The Night of Four Hundred Rabbits
An unexpected "gift" has arrived for Carol Farley this Christmas: an envelope bearing a newspaper clipping and no return address. There, blurred but unmistakable, is a photo of a man missing for years and feared dead—Carol's father. It is a siren calling her to a world she has never known, to a place of ancient majesty and blood-chilling terror. Now, surrounded by towering...more
I love Elizabeth Peters (and her alter-ego Barbara Michaels). I've adored her books for several decades, and have most of them in my bookshelves. I noticed that this one wasn't in my bookshelf, so I checked it out of the library. I'm sure I read it long ago. Now I know why it isn't in my collection.
Quite frankly, it sucked.
Reading Elizabeth Peters/Barbara Michaels is my literary equivilent of snack food. I read her books to laugh, to get the heebie-jeebies, to take myself aw ...more
If it were ...more
I love Elizabeth Peters but had, prior to this book, only read from the Amelia Peabody series. The characters in this book are quite different but just as enjoyable.
Well, I do, actually. It was weird as hell, especially for esteemed mystery madame Elizabeth Peters. Light spoilers ahead, so be warned.
A quick primer: Elizabeth Peters is the pen name of Barbara Mertz (a.k.a. Barbara Michaels as well), and she's well known for writing clever, adventuresome thrillers and mysteries with romantic and often gothic twists. Her heroines are realistic (exception: Vicky Bliss), her heroes are lovably Byronic, and her ...more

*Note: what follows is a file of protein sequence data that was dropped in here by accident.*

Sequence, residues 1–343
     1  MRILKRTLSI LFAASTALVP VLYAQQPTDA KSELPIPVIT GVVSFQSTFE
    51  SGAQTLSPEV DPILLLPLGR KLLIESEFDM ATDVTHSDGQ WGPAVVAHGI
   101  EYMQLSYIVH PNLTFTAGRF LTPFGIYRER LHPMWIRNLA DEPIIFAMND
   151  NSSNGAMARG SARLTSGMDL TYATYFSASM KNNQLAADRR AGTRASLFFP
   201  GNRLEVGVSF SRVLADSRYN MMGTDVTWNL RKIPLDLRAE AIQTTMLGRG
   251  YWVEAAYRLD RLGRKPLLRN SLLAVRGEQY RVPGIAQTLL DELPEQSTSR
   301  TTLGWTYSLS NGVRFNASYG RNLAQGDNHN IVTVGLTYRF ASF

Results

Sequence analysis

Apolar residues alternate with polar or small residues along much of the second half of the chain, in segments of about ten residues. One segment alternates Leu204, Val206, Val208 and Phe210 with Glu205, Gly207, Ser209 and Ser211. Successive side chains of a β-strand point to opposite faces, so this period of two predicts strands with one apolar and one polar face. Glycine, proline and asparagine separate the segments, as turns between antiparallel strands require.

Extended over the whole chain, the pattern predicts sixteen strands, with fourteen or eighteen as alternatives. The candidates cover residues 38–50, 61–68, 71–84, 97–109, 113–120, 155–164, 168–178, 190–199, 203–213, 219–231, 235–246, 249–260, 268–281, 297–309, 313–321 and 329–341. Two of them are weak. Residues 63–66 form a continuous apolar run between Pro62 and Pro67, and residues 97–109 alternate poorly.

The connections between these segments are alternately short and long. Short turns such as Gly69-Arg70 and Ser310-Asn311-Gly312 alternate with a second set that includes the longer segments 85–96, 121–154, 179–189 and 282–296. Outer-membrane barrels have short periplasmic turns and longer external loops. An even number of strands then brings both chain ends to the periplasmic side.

Book summary in one sentence: Hey, kids, don't do drugs.
Longer summary: college student Carol loads up her mysterious past and deadbeat druggie boyfriend and goes down to Mexico to find her long-lost father. She meets up with him and quickly becomes perplexed and afraid of the mysterious behaviour of the people around her. Throughout, Carol fights constantly to pull her boyfriend away from the diabolical lure of drugs; the conclusion is obvious from the first dire foreshadowing ...more
I just reread this book and I wasn't as vehemently opposed to the drug descriptions in it as I was 4 years ago. I was more into the story and it held together except once in a while it got very dated. But, I have upgraded it from a 2-star to a 3-star. Interesting characters well developed plot and good dialogue.
the title implies humor, but there is absolutely none. material is a bit dated [1970s], but illegal drug trade is still an issue. quite suspenseful. carol has to deal with family secrets and pain, also pain in other relationships. but she handles everything very wisely for a young college woman.